General Question

mattbrowne's avatar

Why are most stars in the Milky Way much smaller than our Sun?

Asked by mattbrowne (31633points) April 1st, 2009

A red dwarf star is a small and relatively cool star, of the main sequence, either late K or M spectral type. They constitute the vast majority of stars and have a mass of less than one-half of that of the Sun (down to about 0.075 solar masses, which are brown dwarfs) and a surface temperature of less than 3,500 K.

An orange dwarf, also called a K V star, is a main sequence (hydrogen-burning) star of spectral type K and luminosity class V. These stars are intermediate in size between red M-type main sequence stars of luminosity class V and yellow G-type main sequence stars of luminosity class V. They have masses of from 0.5 to 0.8 times the mass of the Sun and surface temperatures between 3,900 and 5,200 K.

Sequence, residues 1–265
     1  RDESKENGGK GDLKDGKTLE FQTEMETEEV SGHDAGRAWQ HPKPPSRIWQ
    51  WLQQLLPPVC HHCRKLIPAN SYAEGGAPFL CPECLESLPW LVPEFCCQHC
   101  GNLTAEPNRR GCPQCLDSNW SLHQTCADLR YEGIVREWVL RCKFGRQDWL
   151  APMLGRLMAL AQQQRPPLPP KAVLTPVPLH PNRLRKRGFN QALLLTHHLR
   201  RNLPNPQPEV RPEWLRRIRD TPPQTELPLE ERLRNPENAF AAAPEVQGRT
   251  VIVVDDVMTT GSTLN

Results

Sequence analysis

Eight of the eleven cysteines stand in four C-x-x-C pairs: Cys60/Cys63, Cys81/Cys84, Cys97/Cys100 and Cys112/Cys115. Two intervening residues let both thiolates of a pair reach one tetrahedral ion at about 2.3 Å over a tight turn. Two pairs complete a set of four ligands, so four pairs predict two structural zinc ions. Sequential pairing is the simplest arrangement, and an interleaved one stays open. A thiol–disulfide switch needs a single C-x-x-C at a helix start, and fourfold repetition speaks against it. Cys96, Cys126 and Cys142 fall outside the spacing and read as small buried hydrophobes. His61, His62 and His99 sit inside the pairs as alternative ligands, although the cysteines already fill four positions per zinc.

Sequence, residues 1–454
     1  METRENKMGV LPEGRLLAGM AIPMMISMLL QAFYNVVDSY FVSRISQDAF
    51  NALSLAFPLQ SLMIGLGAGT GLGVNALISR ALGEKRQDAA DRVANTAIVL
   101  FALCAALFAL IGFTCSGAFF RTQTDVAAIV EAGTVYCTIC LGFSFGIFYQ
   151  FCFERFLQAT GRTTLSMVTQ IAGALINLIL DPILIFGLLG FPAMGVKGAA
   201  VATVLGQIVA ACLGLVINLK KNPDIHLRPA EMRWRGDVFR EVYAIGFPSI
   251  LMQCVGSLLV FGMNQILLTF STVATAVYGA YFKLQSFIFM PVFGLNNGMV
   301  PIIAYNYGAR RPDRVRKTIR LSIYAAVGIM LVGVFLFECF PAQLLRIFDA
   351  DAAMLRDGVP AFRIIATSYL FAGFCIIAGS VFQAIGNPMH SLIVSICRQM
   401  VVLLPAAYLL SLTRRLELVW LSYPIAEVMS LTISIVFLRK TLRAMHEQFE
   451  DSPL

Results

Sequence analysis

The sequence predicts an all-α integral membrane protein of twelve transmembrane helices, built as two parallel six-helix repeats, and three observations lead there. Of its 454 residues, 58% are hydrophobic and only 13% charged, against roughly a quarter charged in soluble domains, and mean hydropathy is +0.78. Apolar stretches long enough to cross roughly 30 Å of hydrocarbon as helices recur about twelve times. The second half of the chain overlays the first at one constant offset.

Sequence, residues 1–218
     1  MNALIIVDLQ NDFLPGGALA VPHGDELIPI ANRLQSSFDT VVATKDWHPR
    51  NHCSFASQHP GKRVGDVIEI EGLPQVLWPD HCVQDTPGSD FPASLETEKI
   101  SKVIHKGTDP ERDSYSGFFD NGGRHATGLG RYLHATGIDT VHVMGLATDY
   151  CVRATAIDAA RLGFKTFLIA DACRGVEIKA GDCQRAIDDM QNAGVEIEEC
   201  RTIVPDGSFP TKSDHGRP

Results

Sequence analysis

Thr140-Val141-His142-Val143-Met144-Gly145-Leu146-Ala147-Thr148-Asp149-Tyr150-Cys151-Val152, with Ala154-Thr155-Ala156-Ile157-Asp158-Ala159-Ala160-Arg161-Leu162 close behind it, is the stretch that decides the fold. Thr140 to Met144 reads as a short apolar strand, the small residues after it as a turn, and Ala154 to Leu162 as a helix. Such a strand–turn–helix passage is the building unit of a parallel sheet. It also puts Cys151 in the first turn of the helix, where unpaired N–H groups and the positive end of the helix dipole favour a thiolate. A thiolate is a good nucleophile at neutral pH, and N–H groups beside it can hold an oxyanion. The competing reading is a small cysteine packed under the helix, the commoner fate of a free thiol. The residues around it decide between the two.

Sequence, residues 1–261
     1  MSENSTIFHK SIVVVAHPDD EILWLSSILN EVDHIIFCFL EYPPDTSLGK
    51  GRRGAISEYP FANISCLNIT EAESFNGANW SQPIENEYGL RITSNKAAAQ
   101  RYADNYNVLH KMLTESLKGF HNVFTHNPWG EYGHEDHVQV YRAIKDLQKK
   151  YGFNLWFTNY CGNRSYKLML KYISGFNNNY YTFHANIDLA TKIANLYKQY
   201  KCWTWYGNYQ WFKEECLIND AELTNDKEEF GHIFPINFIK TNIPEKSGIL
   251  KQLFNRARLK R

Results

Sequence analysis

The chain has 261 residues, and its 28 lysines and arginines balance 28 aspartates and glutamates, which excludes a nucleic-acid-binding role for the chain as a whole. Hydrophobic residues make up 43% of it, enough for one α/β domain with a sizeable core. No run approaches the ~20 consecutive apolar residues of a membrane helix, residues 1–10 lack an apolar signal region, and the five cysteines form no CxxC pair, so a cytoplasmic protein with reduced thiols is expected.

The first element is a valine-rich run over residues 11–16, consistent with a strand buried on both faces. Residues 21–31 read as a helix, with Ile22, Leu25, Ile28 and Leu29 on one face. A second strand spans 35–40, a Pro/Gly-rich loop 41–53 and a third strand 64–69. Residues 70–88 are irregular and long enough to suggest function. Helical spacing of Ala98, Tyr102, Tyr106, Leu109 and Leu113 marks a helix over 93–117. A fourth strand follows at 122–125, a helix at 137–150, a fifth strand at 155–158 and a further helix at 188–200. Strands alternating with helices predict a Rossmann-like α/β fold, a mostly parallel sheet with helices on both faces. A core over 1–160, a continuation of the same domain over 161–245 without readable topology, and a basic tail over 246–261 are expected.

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2 Answers

Benny's avatar

But most of the stars you observe from your backyard are giants.

mattbrowne's avatar

Yes, because red dwarfs are hard to spot.

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